America is like this. Different cultures can be seen everywhere. The U.S. can be like the museum, housing every culture, or piece of art, you can imagine. And each of these cultures, just like a masterpiece in a museum, is celebrated. I don’t believe people in America need to lose their cultures in the midst of the growing “American” culture they are surrounded by in their every day lives. There are plenty of organizations, like art preservation staff in museums, whose main purpose is the preservation of culture, from

    Art of America

    Art of America

    groups on college campuses to societies in local towns. Each work of art identifies largely with a museum, like the Mona Lisa at the Louvre, yet it also closely identifies with the specific exhibit it inhabits, the Italian paintings section of the Denon Wing. Many Americans are the same way. They identify as Americans, but also work to preserve their heritage, whether that’s by joining organizations like the National Italian American Foundation or just cooking authentic foods and teaching their grandchildren some Polish.

    America is definitely a multicultural country, built on the coming of immigrants over the past several centuries. Over this time, the museum of America has gained a wide range of exhibits hailing from all around the world. But most Americans today can’t be sorted into just one exhibit. Many Americans identify with multiple cultures. I’m American, but I’m also Italian, Polish, English, and a little German and Scottish. Where would I be placed in the museum of America? Well, there are works of art that are in similar predicaments. Do you put the bold, colorful new piece by an Italian artist in the Italian paintings exhibit or the modern art collection?

    Should there be a specific exhibit for “Americans” in our metaphorical museum? Sure, why not? Personally, I choose to identify with all of my cultural heritages, and I’m sure others do, too. So, why not have a traveling exhibit while we’re at it? This way, as pieces of art, Americans can identify with several different exhibits, not just one “American” one. Maybe some people will choose to stick with one exhibit, perhaps like those who they themselves or their parents came directly from another country. But then again, they may embrace the new American culture around them and become a traveling exhibit because isn’t that what America essentially is? An intermingling of cultures for us to see and explore?

    When it comes to describing America’s multiculturalism, I think of an art museum. Maybe it’s because of my love for art, but the metaphor works well. So the next time you go on a tour of America, or maybe just of your town or school, try to make a mental floor plan of what you see. Can you spot the different cultures that make up the “American” culture? Can you tell when you’ve walked from the German exhibit to the Irish one? Map it out, it could be pretty interesting.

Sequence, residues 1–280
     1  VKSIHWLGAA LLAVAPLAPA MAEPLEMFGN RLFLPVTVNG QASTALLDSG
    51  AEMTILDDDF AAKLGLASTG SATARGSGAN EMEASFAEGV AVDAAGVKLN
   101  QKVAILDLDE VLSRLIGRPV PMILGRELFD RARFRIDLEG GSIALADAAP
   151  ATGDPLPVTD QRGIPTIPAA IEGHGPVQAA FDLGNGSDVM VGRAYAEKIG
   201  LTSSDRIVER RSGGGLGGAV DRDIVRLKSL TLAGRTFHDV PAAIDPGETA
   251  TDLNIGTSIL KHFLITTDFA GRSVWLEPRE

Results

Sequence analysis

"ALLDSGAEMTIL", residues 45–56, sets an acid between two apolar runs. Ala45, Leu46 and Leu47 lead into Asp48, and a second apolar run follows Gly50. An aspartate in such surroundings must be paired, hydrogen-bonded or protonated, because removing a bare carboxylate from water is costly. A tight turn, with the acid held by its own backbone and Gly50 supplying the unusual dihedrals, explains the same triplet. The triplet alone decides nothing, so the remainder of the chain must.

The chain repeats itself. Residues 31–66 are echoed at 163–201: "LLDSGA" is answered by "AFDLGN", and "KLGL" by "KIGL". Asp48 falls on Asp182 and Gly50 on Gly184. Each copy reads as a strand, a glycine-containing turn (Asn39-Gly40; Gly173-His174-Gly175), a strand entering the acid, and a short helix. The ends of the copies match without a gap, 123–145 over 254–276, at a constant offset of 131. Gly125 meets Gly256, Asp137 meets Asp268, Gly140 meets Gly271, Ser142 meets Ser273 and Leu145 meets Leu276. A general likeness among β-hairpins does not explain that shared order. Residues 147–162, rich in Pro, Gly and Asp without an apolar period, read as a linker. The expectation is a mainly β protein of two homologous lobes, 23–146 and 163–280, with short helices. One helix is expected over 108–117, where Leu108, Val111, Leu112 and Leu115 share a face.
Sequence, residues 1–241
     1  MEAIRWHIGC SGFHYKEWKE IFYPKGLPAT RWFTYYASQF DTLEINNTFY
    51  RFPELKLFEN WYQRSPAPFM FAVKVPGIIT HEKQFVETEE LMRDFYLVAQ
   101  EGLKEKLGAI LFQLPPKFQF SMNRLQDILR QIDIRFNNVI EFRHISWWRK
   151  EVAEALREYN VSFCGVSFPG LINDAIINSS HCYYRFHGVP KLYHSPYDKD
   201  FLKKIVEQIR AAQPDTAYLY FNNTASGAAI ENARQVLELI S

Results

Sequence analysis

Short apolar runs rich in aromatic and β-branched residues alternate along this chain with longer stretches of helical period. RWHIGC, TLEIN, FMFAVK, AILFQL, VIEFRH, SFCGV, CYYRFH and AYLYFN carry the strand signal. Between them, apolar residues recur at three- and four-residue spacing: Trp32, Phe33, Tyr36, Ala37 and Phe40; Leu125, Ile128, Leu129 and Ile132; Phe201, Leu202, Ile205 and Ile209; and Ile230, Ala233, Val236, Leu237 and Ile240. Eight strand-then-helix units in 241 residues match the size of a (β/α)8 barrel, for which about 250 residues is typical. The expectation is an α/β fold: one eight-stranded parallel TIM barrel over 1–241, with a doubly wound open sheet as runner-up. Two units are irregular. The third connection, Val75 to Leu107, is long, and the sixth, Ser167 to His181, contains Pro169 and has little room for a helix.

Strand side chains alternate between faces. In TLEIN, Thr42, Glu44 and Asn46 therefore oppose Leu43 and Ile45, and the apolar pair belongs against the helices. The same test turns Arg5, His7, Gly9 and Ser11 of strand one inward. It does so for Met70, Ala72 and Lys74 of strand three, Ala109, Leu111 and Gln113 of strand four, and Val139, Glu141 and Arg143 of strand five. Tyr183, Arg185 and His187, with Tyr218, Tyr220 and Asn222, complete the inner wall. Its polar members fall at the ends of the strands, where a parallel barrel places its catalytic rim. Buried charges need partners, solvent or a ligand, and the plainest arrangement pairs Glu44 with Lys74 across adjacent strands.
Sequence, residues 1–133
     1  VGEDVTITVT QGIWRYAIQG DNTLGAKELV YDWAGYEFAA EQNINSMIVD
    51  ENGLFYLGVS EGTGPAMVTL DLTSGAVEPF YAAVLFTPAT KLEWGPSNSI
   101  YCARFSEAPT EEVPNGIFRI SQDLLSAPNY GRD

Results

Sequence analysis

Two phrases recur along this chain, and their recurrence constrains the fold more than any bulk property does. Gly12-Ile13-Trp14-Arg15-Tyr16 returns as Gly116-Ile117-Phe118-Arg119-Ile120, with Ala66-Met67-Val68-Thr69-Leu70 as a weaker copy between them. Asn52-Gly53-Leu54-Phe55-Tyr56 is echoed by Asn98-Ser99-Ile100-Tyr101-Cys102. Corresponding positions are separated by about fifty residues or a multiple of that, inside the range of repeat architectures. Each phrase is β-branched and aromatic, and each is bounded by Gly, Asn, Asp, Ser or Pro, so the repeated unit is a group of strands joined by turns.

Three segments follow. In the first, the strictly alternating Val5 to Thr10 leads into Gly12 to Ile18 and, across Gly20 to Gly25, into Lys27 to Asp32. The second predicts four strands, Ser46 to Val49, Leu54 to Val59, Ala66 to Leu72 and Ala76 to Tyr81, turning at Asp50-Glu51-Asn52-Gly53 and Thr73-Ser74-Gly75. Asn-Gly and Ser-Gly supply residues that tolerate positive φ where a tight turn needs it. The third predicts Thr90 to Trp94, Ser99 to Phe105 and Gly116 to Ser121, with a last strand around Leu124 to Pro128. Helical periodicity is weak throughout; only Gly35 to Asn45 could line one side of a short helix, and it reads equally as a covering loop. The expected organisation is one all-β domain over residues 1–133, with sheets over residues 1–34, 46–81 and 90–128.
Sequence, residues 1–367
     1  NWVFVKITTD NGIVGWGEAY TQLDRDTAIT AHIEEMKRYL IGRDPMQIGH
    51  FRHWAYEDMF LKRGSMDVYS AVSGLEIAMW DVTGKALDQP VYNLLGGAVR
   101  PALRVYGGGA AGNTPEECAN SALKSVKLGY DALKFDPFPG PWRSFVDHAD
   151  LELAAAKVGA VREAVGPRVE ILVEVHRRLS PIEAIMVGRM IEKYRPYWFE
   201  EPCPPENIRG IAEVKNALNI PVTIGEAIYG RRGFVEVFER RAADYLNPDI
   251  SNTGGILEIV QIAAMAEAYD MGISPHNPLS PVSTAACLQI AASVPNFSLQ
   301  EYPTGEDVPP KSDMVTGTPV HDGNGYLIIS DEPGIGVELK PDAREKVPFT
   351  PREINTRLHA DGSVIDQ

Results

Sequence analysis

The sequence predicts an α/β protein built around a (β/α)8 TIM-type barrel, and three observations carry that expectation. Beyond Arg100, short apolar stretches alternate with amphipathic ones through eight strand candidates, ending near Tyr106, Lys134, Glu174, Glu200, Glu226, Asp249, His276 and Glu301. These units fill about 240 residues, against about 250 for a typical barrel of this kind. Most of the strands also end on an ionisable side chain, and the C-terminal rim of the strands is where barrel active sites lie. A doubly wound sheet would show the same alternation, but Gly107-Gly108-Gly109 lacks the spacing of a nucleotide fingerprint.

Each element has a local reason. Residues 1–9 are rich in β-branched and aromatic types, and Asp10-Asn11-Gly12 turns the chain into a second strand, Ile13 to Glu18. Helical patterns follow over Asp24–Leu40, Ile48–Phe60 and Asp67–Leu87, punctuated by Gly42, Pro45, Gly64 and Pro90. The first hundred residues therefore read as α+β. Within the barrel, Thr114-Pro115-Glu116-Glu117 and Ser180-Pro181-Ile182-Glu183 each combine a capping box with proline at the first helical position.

3. Forrest Fenn’s Treasure

    February 19, 2014 by Melissa Shallcross

    If you knew for sure that there was a chest full of ancient valuables worth upwards of three million dollars just lying around the mountains of Santa Fe, New Mexico, and there were nine clues given in a poem to lead you directly to it, would you go look for it?

    Forrest Fenn's Treasure

    Forrest Fenn’s Treasure

    What if it looked like this? —————————————————————–>

    Yep, that’s the treasure a man named Forrest Fenn left in the mountains, tempting everyone and anyone to go out a find. Why, do you ask? Well, it’s a pretty great story.

    It all started when he was 9 years old, walking a newly plowed field, and coming upon an arrowhead lying in the dirt. Thrilled to think that the arrowhead had awaited thousands of years for him to pick it up right at that moment, his passion for hunting for treasure was ignited. Over the next few decades, Mr. Fenn traveled the world and collected as many treasures he could find, from relics in Pompeii to rare gold coins, jewelry to gold nuggets. He and his wife even opened an art gallery in Sante Fe, which came to be a huge success.

    His good fortune took a turn for the worse, however, when in 1988, Mr. Fenn was diagnosed with cancer and about to lose a kidney. His doctors told him he only had a 20% chance of living another three years.

    Deciding to continue his reputation of being anything but ordinary, Mr. Fenn  collected all of his most prized possessions, reported by the Huffington Post to be “265 gold coins, hundreds of gold nuggets, some weighting more than a troy pound each, prehistoric gold fetishes, a 2000 year old necklace made of carved quartz crystals and other semi-precious stones, hundreds of rubies, diamonds, emeralds, two Ceylon sapphires, and two ancient Chinese carved jade figures.” Having packed all these relics into an old, ornate, bronze chest (pictured above), he drove out into the mountains above Santa Fe to a spot he claims is extremely special to him, and left the 42 lb chest lying there for anyone to find.